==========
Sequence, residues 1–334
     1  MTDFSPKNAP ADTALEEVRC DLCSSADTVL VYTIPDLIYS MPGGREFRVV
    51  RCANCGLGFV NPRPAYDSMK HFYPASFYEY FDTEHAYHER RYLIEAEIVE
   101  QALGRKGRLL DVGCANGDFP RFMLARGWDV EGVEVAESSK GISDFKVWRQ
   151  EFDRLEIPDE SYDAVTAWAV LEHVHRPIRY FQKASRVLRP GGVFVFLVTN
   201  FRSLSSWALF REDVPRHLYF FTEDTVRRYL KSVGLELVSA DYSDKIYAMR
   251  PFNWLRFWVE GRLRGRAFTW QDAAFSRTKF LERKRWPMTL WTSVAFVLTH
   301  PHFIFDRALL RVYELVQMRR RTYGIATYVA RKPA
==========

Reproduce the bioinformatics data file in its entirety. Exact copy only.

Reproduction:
Sequence, residues 1–334
     1  MTDFSPKNAP ADTALEEVRC DLCSSADTVL VYTIPDLIYS MPGGREFRVV
    51  RCANCGLGFV NPRPAYDSMK HFYPASFYEY FDTEHAYHER RYLIEAEIVE
   101  QALGRKGRLL DVGCANGDFP RFMLARGWDV EGVEVAESSK GISDFKVWRQ
   151  EFDRLEIPDE SYDAVTAWAV LEHVHRPIRY FQKASRVLRP GGVFVFLVTN
   201  FRSLSSWALF REDVPRHLYF FTEDTVRRYL KSVGLELVSA DYSDKIYAMR
   251  PFNWLRFWVE GRLRGRAFTW QDAAFSRTKF LERKRWPMTL WTSVAFVLTH
   301  PHFIFDRALL RVYELVQMRR RTYGIATYVA RKPA